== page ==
The purchase of Yapı Kredi Bank (YKB) became yet another opportunity for Koç Holding during the rule of AKP party. Koçbank and its Italian partner UniCredit bought the shares of Yapı Kredi Bank for 1,5 billion US dollar as YKB became the fourth biggest bank in Turkey. YKB was taken over by Koç Holding following the financial crisis in 2001.

YKB reached a pretax net profit of 14,8 billion US dollar in 11 years between 2006 and 2017. As the holding increased its profits through banking operations, it could form a giant network with credits and consumer financing opportunities in operating its other companies like Ford, Tofaş and Arçelik. Koç Holding further increased its control owing to Yapı Kredi Bank.

The group’s consolidated profit around 1 billion US dollar in 2005 reached up to 2,5 billion on average between 2006 and 2016. Experts argue that around a half of the rise of 1,5 billion stems from Tüpraş. Considering Ford and Tofaş in automotive, Yapı Kredi in finance and Tüpraş in oil, this big triangle provided extra profits for the Koç family.

Koç Holding did only profit from Tüpraş or YKB in these years, but also from automotive and household goods, making it the most profit-making entity in this field, too. As the AKP boasted about constructing new highways and bridges around the country, thus Koç Holding could sell many more automobiles.

It also became the most profit-making group in the sector of durable consumer goods due to countrywide urban transformation as almost one third of house stocks were renewed.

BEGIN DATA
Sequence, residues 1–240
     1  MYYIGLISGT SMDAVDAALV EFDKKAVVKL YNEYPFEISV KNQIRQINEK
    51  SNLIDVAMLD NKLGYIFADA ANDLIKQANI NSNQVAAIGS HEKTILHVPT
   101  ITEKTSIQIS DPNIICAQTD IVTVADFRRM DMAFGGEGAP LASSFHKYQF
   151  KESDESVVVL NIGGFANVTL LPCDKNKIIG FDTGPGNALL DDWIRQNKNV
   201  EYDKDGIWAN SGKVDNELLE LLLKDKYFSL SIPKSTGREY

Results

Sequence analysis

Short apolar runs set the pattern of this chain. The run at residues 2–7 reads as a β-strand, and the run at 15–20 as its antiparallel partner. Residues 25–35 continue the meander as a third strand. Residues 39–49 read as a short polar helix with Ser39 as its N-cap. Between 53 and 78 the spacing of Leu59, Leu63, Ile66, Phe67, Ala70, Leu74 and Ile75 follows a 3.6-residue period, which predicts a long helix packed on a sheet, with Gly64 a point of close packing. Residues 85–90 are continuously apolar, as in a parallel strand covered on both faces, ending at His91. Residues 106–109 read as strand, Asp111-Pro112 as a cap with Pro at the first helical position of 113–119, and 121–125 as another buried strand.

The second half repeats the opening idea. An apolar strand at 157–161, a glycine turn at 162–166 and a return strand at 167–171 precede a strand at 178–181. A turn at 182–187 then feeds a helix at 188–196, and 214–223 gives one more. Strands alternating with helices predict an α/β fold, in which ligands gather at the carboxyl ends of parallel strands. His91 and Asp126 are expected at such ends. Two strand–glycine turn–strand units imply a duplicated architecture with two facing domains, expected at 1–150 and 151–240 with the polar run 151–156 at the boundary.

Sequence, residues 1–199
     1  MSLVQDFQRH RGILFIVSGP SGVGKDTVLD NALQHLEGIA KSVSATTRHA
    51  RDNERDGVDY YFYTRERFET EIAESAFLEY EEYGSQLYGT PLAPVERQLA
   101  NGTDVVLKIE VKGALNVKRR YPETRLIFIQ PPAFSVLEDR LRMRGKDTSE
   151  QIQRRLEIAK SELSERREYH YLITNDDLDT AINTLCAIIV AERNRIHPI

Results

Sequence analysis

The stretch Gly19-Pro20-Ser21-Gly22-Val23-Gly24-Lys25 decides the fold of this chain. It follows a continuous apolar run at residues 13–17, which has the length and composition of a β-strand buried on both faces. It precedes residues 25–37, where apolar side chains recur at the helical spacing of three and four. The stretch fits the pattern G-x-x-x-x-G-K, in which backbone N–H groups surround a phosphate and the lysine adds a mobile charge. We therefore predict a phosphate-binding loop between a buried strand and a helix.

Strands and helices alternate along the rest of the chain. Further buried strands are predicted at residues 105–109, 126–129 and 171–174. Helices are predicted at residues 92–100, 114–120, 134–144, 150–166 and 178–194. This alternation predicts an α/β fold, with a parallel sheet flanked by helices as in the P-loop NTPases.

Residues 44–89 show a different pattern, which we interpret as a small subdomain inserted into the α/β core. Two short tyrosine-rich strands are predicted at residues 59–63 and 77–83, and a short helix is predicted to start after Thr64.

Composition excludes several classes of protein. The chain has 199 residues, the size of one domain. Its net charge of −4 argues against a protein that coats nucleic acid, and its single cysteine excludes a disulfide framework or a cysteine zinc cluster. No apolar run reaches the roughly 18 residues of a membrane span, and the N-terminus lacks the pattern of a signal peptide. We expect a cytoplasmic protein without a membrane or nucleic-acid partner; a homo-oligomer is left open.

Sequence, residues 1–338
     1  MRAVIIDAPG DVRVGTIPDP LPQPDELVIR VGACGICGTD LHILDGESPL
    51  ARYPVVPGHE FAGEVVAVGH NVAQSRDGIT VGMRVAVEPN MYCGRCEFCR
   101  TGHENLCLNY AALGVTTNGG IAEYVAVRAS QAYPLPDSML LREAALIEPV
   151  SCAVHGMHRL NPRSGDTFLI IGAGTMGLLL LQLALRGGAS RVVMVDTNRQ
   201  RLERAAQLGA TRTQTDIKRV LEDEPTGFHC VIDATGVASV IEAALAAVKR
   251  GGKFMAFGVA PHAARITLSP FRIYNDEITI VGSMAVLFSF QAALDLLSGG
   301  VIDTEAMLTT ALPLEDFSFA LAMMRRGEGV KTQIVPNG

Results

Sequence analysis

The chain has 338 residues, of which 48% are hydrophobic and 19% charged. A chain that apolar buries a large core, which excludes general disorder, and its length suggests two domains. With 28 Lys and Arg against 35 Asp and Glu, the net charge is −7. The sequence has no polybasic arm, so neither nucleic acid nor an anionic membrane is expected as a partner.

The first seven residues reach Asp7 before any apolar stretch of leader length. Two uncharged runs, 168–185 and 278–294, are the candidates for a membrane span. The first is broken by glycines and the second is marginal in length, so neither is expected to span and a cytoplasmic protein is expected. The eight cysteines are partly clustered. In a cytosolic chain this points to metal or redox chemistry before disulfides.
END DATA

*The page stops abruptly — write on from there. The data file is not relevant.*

Moreover, Koç Group has played a direct role in Turkey’s integration with international capital considering that part of the market was open to international companies like Shell and BP as Tüpraş was privatised. It is also in favour of international capital considering the petrochemical industry as one of the biggest importation deficits of Turkey.


Following the privatisation of Tüpraş, the country’s importation dependency on petroleum has further escalated. Koç Group invested highly in diesel and gasoline, but did not increase the total capacity. Meanwhile, petroleum consumption and imported amounts have further increased.

A net profit of 1 billion US dollar and cash management around 10 billion dollars was left to Koç Holding as these amounts could be used for the public interest. Price adjustments in petroleum have been carried out in favour of the private sector in defiance of the people. As importation escalated instead of refinery capacities, this became a major factor in triggering current deficit.          

Two aspects are striking in the integration with international capital in automotive and household goods under the lead of Koç Group: increasing Turkey’s dependency on importation. The dependency has highly escalated that Turkey has almost come to a halt in many products, particularly in such basic industries as refinery, chemistry, iron-steel.

The second aspect is that the working conditions of the qualified workforce have further deteriorated and exploitation has increased. Koç Holding is a model group in developing a “network” in Turkey since it systematically exploits workforce of a highly qualified section like technicians and engineers and well-trained sections in the service sector.